When setting your goals for the year ahead, why not include emergency or disaster preparedness? By tackling the preparation activities over several weeks — whether it’s a trip to the grocery or hardware store, making copies of valuable information, or agreeing on a plan with relatives—you can make be more prepared in 2016. The first post in this series on emergency and disaster preparedness focuses on preparedness at home and with family.
Make a Kit
A disaster supplies kit is simply a collection of basic items your household may need in the event of an emergency. You may need to leave your home with very little notice; help may be hours or days away. The Red Cross has developed an interactive module to help you figure out how much you’ll need for how many days. View the Be Red Cross Ready module to get started.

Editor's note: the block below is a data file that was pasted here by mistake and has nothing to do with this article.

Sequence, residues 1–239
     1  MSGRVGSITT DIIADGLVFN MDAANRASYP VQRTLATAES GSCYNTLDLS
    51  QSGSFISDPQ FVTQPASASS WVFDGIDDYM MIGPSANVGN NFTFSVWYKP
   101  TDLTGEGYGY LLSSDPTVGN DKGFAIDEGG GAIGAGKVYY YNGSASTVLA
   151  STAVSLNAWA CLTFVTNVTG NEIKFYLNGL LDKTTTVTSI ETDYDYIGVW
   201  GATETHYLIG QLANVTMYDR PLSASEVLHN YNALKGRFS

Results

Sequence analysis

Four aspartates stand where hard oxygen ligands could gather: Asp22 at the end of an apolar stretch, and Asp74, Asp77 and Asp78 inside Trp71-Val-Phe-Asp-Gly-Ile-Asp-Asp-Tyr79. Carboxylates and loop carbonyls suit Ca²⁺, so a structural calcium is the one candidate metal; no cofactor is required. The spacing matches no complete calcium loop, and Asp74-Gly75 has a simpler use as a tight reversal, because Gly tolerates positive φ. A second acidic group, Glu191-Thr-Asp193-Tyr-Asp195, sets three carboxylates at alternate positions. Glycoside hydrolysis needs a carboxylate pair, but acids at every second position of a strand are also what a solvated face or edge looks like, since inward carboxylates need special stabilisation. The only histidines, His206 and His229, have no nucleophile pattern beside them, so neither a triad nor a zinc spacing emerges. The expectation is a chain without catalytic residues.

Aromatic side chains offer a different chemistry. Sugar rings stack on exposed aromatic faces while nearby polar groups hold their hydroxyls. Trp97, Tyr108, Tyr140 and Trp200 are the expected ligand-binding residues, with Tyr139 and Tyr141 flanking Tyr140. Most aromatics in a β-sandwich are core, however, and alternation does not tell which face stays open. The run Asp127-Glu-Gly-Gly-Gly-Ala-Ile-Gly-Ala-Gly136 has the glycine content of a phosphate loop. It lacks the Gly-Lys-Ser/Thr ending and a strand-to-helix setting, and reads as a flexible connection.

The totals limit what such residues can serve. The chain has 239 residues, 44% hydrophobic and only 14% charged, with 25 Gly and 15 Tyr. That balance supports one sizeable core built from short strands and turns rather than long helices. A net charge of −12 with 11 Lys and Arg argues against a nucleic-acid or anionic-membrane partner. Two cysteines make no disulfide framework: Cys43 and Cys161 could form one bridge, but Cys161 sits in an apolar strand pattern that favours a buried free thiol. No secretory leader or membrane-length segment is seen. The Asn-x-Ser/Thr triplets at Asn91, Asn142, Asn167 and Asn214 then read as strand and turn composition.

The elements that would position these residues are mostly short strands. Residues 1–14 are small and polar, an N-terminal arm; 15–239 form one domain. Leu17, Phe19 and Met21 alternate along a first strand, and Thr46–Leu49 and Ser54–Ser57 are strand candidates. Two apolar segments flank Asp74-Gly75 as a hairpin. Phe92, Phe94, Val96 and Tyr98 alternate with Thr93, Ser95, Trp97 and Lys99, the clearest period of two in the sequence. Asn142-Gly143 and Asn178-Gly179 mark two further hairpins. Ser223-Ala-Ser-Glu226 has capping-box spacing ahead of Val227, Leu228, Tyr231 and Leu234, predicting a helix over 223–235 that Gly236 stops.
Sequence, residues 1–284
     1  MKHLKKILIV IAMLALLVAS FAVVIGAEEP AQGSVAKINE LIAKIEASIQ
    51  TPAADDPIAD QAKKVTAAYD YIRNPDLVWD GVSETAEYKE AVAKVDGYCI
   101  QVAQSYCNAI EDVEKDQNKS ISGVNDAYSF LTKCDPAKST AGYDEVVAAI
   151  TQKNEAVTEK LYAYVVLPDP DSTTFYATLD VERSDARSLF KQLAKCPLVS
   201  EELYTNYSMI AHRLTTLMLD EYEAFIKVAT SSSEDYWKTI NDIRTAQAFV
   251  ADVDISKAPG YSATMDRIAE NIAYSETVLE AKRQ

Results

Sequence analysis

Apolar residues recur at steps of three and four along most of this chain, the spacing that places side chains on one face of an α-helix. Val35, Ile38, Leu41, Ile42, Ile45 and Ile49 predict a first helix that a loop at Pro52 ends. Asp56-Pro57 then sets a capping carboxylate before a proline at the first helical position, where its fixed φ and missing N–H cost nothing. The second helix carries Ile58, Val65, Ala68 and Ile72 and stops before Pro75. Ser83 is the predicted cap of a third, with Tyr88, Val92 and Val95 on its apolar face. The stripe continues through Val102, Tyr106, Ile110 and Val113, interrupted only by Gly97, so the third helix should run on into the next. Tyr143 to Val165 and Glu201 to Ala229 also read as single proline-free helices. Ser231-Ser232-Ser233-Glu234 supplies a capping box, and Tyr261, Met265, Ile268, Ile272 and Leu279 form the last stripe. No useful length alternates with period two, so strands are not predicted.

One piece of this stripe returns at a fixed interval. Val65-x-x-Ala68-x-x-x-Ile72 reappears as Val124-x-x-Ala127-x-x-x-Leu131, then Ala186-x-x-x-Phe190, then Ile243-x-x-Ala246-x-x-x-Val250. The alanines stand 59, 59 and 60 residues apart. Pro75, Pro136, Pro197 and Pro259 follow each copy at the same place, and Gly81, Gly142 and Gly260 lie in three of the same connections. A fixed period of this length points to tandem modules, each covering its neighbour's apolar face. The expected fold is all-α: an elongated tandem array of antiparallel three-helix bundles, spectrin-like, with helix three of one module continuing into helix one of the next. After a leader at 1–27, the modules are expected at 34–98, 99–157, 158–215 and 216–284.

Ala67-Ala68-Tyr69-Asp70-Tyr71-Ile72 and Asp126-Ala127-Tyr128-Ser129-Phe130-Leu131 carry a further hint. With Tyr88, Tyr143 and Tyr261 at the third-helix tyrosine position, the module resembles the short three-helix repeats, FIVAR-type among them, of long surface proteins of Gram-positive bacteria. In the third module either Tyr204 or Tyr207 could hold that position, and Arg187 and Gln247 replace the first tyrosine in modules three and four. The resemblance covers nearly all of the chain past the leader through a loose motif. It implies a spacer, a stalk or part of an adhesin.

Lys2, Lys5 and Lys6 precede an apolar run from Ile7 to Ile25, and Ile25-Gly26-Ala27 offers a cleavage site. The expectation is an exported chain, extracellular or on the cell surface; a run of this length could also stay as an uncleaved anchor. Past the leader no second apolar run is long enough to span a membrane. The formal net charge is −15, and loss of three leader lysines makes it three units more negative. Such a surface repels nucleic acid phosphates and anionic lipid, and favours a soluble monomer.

When it’s time to go, you need to have a plan. Consider all of the members of your family when creating your plan. Short guides for planning for Children, People with Disabilities, Seniors, and Pets, and for safely shutting off utilities are available. A handy visual planning chart can help you and kids confirm emergency plans. And, don’t forget Ready.Gov for Kids the CDC’s graphic novel, Preparedness 101: Zombie Pandemic.
In addition to emergencies at home and in communities, the Pacific Northwest is at risk for certain kinds of disasters. Get to know about those risks at home and when traveling, and monitor weather conditions. You can monitor weather conditions at the National Weather Service page and be alerted to weather events on your mobile phone.
The Ready.gov site provides information in several languages about making a kit, making a plan and being informed. Regional state health departments (AK, OR, WA, ID, MT) also provide guides to citizens and news about statewide preparedness initiatives and services.
The NN/LM PNR supports Emergency Preparedness and Response in the Pacific Northwest Region.